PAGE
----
This blog aims to share my mistakes and successes of starting a garden from scratch. My partner and I bought our first house last year in Melbourne, and the garden consisted of weeds and dead plants so we had a clean slate to work with. This blog will take you through the planning, implementation, disagreements, successes and failures of our developing garden. Our garden consists of edibles (fruit and vegetables), natives, annuals, and the odd outlier plant. I hope you enjoy following this journey as much as I enjoy posting about it.

24 thoughts on “About

    1. That’s great! Hope your arches are coming along well. It’s so rewarding watching everything shoot up happily. And it’s spring here now so everything’s flowering too!

  1. Thanks for stopping by my blog! My husband and I have a small kitchen garden (aka container garden, or potted garden) on our back porch with bellpeppers, tomatoes, and various herbs – he loves to cook with the fruits of our labor!

  2. Fantastic. I’m all for growing at least some of the food you eat, even if it just means a few herbs in a pot in the kitchen! I’m a nurse as well (and I too love food and exercise) so I’m sure we’ll learn plenty from each other!

  3. Thanks for visiting, and Following me. I do enjoy hearing about people having the same problems as I am, even if the ‘buried treasure’ you dig up is brick and metal, and mine’s old bones and palm tree roots… I lived in Melbourne for 5 years, and grew all my vegies in big tubs in the front yard, because it wasn’t mine to dig up. So I have sympathy and fellow feeling for your 4-seasons-in-a-day climate. I have big plans for my vegie garden, but it has to wait till next year, after the Wet is over. We’ll have to exchange notes some time on what’ll grow there versus what grows up here… Kate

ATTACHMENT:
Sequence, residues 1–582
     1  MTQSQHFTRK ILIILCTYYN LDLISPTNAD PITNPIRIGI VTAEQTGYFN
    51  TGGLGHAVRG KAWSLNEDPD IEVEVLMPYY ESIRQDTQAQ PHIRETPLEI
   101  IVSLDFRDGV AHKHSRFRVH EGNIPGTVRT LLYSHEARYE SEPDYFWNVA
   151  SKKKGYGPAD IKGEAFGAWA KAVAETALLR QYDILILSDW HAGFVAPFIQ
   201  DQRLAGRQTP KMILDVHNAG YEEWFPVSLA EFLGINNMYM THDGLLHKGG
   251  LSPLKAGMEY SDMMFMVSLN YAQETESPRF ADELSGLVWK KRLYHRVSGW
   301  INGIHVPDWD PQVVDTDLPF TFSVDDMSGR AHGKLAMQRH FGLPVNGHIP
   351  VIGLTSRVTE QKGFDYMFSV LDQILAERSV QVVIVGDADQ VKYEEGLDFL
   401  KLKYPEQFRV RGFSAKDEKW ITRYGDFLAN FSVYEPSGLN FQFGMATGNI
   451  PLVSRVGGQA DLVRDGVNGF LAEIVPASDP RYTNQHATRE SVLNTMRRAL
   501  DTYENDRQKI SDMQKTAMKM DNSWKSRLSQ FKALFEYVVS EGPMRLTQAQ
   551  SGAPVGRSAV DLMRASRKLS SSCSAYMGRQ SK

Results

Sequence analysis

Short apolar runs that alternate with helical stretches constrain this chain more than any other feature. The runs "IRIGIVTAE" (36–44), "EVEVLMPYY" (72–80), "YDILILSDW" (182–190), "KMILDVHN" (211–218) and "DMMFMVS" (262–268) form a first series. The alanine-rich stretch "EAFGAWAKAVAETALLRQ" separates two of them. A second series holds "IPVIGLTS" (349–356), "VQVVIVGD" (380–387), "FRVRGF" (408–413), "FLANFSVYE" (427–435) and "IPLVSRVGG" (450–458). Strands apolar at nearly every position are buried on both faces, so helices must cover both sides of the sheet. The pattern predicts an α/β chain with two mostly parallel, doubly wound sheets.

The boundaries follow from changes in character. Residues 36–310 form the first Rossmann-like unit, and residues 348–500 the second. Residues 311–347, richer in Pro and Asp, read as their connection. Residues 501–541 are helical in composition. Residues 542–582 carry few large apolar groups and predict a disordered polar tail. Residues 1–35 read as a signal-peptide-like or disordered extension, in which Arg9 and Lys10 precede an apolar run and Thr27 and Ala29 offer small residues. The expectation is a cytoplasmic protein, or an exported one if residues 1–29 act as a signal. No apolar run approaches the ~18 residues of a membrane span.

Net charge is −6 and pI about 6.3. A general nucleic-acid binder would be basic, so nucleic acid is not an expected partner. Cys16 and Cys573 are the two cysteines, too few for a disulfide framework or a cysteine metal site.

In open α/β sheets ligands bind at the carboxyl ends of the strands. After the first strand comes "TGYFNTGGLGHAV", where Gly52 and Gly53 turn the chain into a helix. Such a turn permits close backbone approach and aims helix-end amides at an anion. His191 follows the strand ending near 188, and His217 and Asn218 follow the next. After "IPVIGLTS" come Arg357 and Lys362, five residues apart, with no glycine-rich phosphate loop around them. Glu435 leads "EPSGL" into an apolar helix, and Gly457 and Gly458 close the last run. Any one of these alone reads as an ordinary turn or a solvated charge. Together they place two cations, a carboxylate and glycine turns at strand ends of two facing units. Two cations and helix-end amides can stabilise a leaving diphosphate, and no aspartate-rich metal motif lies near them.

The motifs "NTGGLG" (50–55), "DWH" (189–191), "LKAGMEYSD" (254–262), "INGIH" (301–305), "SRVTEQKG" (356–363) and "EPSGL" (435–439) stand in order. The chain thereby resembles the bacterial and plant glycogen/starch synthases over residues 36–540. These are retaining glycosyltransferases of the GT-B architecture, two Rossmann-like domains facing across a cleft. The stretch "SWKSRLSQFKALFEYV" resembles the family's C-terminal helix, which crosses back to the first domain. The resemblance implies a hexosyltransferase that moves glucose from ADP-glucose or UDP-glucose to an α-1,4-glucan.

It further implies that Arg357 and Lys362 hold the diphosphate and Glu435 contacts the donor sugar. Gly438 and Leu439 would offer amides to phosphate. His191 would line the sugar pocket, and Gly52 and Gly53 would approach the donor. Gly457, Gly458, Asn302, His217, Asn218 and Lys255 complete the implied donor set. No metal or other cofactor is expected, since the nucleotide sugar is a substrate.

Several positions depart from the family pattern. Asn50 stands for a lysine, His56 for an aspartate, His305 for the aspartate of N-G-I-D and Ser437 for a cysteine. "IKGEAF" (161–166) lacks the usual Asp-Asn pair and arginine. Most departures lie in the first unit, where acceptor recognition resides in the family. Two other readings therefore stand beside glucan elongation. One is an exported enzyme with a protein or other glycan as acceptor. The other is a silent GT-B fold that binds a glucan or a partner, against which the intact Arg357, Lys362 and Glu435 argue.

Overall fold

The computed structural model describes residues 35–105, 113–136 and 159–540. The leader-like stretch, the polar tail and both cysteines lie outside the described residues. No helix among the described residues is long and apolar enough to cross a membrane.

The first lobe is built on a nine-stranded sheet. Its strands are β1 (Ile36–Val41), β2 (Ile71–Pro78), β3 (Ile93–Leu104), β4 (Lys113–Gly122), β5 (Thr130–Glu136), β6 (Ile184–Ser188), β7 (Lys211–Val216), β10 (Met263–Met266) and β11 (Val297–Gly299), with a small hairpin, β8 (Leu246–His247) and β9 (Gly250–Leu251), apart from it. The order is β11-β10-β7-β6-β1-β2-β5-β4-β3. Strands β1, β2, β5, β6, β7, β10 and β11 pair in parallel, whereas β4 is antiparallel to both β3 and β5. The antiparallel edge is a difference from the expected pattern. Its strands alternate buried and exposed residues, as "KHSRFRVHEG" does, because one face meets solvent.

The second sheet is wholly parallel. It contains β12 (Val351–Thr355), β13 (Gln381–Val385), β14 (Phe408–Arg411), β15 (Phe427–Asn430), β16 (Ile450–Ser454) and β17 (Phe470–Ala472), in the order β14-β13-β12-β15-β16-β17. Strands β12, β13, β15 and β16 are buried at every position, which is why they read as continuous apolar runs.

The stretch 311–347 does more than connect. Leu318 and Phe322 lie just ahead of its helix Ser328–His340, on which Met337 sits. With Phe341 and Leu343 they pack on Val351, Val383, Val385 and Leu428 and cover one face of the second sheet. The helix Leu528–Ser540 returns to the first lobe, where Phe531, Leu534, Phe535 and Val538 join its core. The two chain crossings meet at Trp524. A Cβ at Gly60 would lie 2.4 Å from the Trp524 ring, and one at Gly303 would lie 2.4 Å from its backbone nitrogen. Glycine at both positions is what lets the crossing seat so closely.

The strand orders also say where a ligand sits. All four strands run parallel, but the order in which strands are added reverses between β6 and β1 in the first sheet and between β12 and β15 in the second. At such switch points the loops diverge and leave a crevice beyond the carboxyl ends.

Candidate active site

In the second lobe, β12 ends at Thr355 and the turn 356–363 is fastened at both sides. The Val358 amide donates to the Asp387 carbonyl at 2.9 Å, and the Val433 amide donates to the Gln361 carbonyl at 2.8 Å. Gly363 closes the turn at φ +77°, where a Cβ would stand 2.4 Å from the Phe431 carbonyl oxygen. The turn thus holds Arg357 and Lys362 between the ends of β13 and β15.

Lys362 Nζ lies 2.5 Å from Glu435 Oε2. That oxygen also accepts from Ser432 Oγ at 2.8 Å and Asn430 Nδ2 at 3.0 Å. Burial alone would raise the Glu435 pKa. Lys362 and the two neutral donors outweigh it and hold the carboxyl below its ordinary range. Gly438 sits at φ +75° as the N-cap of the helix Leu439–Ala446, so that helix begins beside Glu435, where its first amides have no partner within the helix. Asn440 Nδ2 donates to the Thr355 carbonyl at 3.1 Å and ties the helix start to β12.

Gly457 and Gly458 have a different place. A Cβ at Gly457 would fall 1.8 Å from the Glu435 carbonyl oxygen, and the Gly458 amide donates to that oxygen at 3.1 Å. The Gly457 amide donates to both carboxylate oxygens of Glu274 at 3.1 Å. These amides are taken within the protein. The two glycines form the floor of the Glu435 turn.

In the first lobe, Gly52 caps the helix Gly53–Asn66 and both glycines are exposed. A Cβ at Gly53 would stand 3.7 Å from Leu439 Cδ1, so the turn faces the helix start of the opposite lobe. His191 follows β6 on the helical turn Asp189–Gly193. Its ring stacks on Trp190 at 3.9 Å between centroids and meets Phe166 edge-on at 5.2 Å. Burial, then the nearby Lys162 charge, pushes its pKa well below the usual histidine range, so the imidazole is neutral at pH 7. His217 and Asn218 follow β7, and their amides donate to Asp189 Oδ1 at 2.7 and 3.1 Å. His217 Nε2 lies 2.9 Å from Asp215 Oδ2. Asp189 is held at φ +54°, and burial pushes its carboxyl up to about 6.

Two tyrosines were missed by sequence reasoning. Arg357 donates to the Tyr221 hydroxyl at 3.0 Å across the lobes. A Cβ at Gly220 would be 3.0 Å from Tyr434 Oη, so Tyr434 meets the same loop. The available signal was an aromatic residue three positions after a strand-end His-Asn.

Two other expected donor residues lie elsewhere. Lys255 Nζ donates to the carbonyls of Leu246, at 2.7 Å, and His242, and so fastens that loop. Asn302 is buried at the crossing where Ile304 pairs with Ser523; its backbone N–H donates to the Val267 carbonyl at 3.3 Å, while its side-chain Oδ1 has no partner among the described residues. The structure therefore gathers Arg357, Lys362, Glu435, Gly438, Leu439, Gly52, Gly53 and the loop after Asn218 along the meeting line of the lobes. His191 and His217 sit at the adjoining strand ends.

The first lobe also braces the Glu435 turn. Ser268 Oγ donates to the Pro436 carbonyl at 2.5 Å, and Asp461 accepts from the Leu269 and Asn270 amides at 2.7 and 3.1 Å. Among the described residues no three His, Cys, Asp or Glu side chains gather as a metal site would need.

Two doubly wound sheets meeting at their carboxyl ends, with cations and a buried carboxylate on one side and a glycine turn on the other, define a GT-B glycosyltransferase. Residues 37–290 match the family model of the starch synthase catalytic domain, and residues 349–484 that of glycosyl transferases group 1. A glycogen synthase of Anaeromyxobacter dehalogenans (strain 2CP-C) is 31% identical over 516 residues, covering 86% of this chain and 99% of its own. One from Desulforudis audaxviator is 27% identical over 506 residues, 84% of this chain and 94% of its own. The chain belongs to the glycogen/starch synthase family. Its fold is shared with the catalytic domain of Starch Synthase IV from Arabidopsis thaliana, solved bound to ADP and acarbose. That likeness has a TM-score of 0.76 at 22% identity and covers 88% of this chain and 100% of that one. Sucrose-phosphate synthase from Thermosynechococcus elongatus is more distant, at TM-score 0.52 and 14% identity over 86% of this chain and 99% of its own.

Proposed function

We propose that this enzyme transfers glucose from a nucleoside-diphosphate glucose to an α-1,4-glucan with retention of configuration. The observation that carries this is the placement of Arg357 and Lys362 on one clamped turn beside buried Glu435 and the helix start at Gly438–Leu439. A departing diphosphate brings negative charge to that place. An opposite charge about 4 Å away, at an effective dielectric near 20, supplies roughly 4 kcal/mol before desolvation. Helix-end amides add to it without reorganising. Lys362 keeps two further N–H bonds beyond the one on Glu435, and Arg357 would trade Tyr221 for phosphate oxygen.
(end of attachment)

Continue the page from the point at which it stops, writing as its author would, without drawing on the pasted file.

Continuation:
1. Oh my goodness, what’s with the old bones everywhere! I’ve dug up several animal/bird skulls – it’s a little eerie! It’s almost tomato season here – looking forward to getting my vegie boxes ready for some summer vegies! Enjoy your break from vegies – you can focus on your non-edibles for a few months. Thanks to you too for stopping by and following 🙂

      1. Ahh, that makes sense. What a busy doggy he/she must’ve been! Makes my bone issue even more eerie though! This house has been lived in by many people so a dog could well have been the culprit in this situation too.

  4. Jen, do you know what has happened to The Belmont Rooster? His blog is not just down, it’s been deleted! I emailed him a few days ago to ask if he was OK and have heard nothing back. I wondered if you had any news… He’s such a conscientious, regular and prolific blogger that I find it hard to believe he just got fed up and binned the lot… I thought you might know, as you’re one of his award nominees.

  5. In regards to Molly the Grevilla I would cut her right back and going by the attached link feed her some seaweed solution.

    Click to access growing_grevilleas.pdf

    I love your gardening blog and really enjoyed the story about you mowing the lawn and cutting the pipe; you certainly paint a good picture…I could see it all!
    I too am a keen gardener; doing it now nearly every day, seem to get side tracked from the boring chores. It is great therapy and good exercise. If ever you come to Qld would love to exchange garden tips and show you around my garden. I am Marilyn, Viv’s sewing buddy and my husband Syd went to school with Adam’s Dad. Adam know’s our two boys Brodie and Dane. Actually they bought me a chicken pen for Christmas and are in the process of building a fence around it and then we will be able to get the chickens and have fresh eggs. Dane has already named them Poached, Scrambled and Boiled.